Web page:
Flowers of the Sad Human Mind

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In the high woods that crest our hills,
Upon a steep, rough slope of forest ground,
Where few flowers grow, sweet blooms to–day I found
Of the Autumn Crocus, blowing pale and fair.
Dim falls the sunlight there;
And a mild fragrance the lone thicket fills.

Child of the pensive autumn woods!
So lovely, though thou dwell obscure and lone,
And though thy flush and gaiety be gone;
Say, among flowers of the sad, human mind,
Where shall I ever find
So rare a grace? in what shy solitudes? 
~Robert Laurence Binyon from “Autumn Crocus”

 

 

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Whether mid-winter or early autumn
the crocus are unexpected,
surprising even to the observant.

Hidden potential beneath the surface,
an incubation readily triggered
by advancing or retreating light from above.

Waiting with temerity,
to be called forth from earthly grime
and granted reprieve from indefinite interment.

A luminous gift of hope and beauty
borne from a humble bulb;
plain and only dirt adorned.

Summoned, the deep lavender harbinger rises
from sleeping frosted ground in February
or from spent topsoil, exhausted in October.

These bold blossoms do not pause
for snow and ice nor hesitate to pierce through
a musty carpet of fallen leaves.

They break free to surge skyward
cloaked in tightly bound brilliance,
spaced strategically to be deployed against the darkness.

Slowly unfurling, the tender petals peel to reveal golden crowns,
royally renouncing the chill of winter’s beginning and end,
staying brazenly alive when little else is.

In the end,  they painfully wilt, deeply bruised and purple
under the Sun’s reflection made manifest;
returning defeated, inglorious, fallen, to dust.

Yet they will rise again.

 

 

…we know what is coming behind the crocus. The spring comes slowly down this way; but the great thing is that the corner has been turned. . . It remains with us to follow or not, to die in this winter, or to go on into that spring and that summer.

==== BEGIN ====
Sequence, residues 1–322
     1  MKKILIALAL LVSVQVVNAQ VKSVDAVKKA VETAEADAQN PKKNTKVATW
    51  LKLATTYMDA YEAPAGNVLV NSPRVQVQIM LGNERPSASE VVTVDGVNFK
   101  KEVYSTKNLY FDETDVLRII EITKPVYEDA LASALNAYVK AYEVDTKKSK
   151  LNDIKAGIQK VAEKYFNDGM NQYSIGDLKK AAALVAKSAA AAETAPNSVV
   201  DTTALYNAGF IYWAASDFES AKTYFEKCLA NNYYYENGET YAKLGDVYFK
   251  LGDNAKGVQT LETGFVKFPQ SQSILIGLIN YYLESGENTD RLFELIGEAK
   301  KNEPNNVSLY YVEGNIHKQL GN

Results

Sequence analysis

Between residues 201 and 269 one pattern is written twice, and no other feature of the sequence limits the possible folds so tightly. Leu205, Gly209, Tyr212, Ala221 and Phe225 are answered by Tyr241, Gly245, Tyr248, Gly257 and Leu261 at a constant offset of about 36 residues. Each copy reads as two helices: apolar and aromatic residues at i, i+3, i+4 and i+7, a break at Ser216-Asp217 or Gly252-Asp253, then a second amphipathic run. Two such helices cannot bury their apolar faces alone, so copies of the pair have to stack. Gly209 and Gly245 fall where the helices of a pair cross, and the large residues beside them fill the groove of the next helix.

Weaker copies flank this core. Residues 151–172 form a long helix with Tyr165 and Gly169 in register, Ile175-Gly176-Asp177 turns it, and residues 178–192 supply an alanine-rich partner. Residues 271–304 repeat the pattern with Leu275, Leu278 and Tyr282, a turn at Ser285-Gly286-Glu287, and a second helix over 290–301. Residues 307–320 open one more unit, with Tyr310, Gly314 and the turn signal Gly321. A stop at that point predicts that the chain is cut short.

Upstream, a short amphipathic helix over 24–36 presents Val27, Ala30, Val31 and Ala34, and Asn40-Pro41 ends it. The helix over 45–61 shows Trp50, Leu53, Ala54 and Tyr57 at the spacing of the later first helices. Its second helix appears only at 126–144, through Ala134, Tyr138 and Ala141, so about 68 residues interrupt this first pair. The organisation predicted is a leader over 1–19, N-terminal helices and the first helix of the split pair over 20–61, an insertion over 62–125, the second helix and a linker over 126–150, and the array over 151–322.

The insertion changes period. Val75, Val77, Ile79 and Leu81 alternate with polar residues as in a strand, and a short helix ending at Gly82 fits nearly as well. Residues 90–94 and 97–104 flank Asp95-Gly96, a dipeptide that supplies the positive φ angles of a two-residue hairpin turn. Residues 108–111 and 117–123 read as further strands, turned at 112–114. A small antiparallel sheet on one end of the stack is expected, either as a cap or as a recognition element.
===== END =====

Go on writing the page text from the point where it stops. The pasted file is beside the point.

C.S. Lewis from God in the Dock

 

 

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Marching Orders

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All my life I have risen regularly at four o’clock and have gone into the woods and talked to God. There He gives me my orders for the day.
George Washington Carver

To rise early is to know the quiet solitude before dawn and look out with anticipation upon the expanse of an unwritten day. The ordained details are unknown to me and that is just as well. If I knew what was coming,  I might dive back under the covers, trying in vain to hide.

So when I do get up early and talk to God, mostly I listen. I am asked to trust and leave the details up to Him.

Then I try to obey, as best I can muster. Too often I mess up: I head off in the wrong direction, turn left instead of right, trip over my own feet, fall flat on my face.

So I’m pulled up out of the dirt yet again, dusted off, and sent marching on all day into the sunset, the way clearly demarcated, the pathway straight.

Even I can’t miss it and can’t mess it up.

Thank God.

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End-Of-Summer Light

twinlayers

wwublueblossom

photo by Josh Scholten
photo by Josh Scholten

 

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For today, I will memorize
the two trees now in end-of-summer light

and the drifts of wood asters as the yard slopes away toward
the black pond, blue

dragonflies
in the clouds that shine and float there, as if risen

from the bottom, unbidden. Now, just over the fern—
quick—a glimpse of it,

the plume, a fox-tail’s copper, as the dog runs in ovals and eights,
chasing scent.

The yard is a waiting room. I have my chair. You, yours.

The hawk has its branch in the pine.

White petals ripple in the quiet light.
~Margaret Gibson “Solitudes”

 

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photo by Kathy Yates
photo by Kathy Yates

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Solitude Melting

photos of Dark Hedges, Ireland
photos of Dark Hedges, Ireland

The Cold

How exactly good it is
to know myself
in the solitude of winter,

my body containing its own
warmth, divided from all
by the cold; and to go

separate and sure
among the trees cleanly
divided, thinking of you

perfect too in your solitude,
your life withdrawn into
your own keeping

–to be clear, poised
in perfect self-suspension
toward you, as though frozen.

And having known fully the
goodness of that, it will be
good also to melt.
~Wendell Berry

photo by Josh Scholten
photo by Josh Scholten